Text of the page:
Turning their backs on the people of Israel
Religious Zionists will soon need to do some difficult soul-searching and answer some tough questions.
If anyone thought that religious Zionism should continue having anything to do with the Chief Rabbinate or the rabbinic courts, along came the ousting of Rabbi Haim Druckman from his position as head of the Conversion Authority to show religious Zionists their new place: beyond the pale. The religious establishment's new masters, the ultra-Orthodox, do not care about the Zionist farmers who need rabbinic permission to sell their produce during the shmita (sabbatical) year, about the religious women whose husbands refuse to grant them a divorce, or about those few Russian immigrants who think it is so important to be Jewish that they are willing to meet the difficult conditions imposed by Rabbi Druckman. Their policy has become one of turning their backs on the people of Israel.
Religious Zionists will soon need to do some difficult soul-searching and answer some tough questions: Will they accept a situation in which the Chief Rabbinate views their rabbis as second-class? Will the religious Zionist community establish an alternative chief rabbinate, which would involve violating several laws passed to bolster the current rabbinate when it was under religious Zionist control? Will religious Zionism renew its historic alliance with secular Zionism? Will it set up an independent conversion system that will ignore the demands of the ultra-Orthodox and finally carry out a mass conversion of immigrants from the former Soviet Union?
Secular Israelis also have to do some soul-searching, but of a completely different sort. The ousting of Rabbi Druckman, along with the Rabbinical Court of Appeals ruling invalidating the conversions he conducted, clearly show that it is impossible to leave the keys to the Jewish people in the hands of the aloof ultra-Orthodox any longer. For 18 years, the national challenge of conversion has been placed in the hands of the Chief Rabbinate and the rabbinic courts, and they have failed utterly. Instead of finding every way to make it easier, to bring people closer, to encourage, they scattered obstacles and fences, they dug ditches. When Rabbi Druckman tried to make it a little bit easier, they waged a campaign of delegitimization that ended in his removal.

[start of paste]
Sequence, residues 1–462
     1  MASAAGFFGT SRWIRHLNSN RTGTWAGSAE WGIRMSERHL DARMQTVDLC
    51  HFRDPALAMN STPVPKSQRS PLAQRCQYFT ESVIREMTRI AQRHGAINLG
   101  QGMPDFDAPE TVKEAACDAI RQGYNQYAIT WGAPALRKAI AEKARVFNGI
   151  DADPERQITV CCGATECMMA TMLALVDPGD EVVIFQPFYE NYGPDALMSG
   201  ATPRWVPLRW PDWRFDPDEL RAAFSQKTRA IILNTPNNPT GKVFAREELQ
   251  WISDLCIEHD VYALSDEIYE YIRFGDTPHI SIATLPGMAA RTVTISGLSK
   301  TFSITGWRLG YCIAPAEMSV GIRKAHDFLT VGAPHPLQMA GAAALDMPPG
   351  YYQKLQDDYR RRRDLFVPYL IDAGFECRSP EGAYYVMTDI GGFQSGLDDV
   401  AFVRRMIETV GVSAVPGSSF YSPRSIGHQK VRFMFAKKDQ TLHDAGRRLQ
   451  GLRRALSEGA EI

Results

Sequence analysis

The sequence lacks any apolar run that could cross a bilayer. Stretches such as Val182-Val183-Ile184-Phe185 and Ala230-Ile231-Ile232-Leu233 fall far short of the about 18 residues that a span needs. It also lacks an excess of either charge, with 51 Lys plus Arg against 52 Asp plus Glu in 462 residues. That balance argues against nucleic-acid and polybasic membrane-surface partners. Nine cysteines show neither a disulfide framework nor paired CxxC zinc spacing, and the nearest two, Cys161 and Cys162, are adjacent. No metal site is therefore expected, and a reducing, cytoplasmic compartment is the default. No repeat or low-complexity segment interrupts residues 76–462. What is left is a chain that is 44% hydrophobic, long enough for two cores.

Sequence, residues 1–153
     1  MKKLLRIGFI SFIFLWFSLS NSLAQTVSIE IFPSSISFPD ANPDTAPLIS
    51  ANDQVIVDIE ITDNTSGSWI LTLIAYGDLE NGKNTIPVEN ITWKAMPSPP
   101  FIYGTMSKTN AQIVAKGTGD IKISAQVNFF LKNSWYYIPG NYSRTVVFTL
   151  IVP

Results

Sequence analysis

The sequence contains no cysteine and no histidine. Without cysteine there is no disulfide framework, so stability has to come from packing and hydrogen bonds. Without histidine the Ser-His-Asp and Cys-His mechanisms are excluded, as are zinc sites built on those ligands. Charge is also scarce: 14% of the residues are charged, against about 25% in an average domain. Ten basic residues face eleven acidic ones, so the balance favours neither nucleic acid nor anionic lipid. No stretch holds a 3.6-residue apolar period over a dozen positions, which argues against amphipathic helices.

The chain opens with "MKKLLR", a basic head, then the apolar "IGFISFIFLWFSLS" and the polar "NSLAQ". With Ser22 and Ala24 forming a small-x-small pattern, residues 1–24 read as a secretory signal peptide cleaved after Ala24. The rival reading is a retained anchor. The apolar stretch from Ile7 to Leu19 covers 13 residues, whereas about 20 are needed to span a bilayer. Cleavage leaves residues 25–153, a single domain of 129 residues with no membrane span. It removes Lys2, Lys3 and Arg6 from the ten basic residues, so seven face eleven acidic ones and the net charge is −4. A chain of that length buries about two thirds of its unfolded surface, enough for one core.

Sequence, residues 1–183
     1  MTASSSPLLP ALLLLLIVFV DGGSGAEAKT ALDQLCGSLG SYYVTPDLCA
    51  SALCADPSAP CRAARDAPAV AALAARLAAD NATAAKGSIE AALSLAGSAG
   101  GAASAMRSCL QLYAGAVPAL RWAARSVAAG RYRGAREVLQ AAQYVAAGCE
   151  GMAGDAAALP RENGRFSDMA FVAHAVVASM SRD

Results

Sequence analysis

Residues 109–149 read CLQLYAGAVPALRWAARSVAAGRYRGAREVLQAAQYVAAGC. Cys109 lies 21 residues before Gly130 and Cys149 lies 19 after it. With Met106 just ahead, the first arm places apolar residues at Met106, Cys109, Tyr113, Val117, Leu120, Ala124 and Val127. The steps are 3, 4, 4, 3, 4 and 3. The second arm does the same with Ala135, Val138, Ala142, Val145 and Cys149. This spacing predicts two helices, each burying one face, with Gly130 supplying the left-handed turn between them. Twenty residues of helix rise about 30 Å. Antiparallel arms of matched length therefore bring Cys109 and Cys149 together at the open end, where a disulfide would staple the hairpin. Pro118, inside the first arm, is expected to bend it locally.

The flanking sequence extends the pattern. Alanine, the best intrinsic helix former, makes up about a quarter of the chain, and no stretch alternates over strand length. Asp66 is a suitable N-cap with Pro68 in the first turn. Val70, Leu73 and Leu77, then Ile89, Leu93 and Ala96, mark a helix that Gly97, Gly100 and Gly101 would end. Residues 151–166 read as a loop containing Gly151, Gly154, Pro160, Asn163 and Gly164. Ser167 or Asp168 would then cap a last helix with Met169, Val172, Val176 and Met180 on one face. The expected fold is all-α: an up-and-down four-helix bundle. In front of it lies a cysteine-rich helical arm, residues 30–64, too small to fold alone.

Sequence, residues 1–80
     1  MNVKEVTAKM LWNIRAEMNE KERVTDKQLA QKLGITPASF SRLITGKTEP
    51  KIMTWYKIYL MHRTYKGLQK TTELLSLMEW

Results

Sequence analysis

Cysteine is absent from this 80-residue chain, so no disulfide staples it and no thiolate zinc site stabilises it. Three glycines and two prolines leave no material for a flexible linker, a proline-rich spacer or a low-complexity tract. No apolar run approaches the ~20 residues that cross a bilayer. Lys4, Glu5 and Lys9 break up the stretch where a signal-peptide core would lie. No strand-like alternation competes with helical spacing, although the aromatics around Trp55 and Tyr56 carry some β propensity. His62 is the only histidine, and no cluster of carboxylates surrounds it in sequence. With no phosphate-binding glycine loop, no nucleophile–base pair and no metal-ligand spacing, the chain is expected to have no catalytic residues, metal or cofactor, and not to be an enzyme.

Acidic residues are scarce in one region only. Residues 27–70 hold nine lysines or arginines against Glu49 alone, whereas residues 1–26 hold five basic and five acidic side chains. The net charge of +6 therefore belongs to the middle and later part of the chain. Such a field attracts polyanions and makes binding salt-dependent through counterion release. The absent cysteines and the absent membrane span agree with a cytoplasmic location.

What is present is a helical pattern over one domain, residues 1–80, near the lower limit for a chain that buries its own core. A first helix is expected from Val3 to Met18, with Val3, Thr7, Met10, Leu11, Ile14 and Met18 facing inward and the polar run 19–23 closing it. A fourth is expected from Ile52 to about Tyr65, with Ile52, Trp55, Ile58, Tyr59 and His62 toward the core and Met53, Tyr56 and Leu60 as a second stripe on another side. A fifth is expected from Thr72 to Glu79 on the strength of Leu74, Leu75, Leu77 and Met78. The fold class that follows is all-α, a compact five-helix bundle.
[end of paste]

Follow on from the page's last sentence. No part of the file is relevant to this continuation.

The conclusion is clear: Judaism is too serious a matter to be left in the Chief Rabbinate's hands. We must divest the rabbinate of the task of integrating immigrants with no religion into the Jewish people.
Ultimately, secularism is the largest stream of Judaism, both in Israel and worldwide. While 51 percent of Israeli Jews are secular, only 19 percent consider themselves religious or ultra-Orthodox, according to the Guttman Center, which surveys Israeli public opinion. It it is inconceivable for a large population to leave the question of how to be Jewish in the hands of the ultra-Orthodox. It is inconceivable that a secular non-Jew who wants with all his might to be a secular Jew should have to disguise himself as religious.
Organizations that promote secular Judaism are hesitant to pick up the hot potato of secular conversion. But the case of Rabbi Druckman must put an end to this hesitation.
There are several options for secular conversion. One would involve a public announcement by secular Judaism groups saying that they see all immigrants from the former Soviet Union who are classified as not having any religion as full-blown Jews. Of course, this would apply only to those who want to be considered Jews. But in order for such a statement to have value, it would need to have as much support as possible: from secular Judaism organizations, intellectuals, political leaders, opinion makers and former army officers - who have commanded so many people with no religion, but so few ultra-Orthodox.
It might be necessary to bolster this with a "Jews just like us" campaign. Secular Judaism groups might need to give the immigrants certificates of Judaism so that the Interior Ministry would have to register them. Such a move would also need to be accompanied by the passage of a civil unions law, to allow Israelis to dispense with rabbinate-controlled marriages by creating a form of partnership that the rabbinate would have nothing to do with.
Another possibility would be to hold private secular conversion ceremonies, but only for those who have taken Judaism courses. This would more closely resemble the accepted conversion process, and would therefore generate less opposition. The disadvantage is that a huge budget would be needed to cope with the challenge of mass conversion, and the chances of the funds coming from the state are very slim.
And here is another option: focusing the secular conversion process on teens. At the age of 13, immigrants who so desire would be able to have a secular bar-mitzvah ceremony. At 18, they would be able to confirm their Jewishness. This would imbue a large segment of the next generation of immigrants currently considered to have no religion with a sense of belonging - a sense that they are welcome in Israel.
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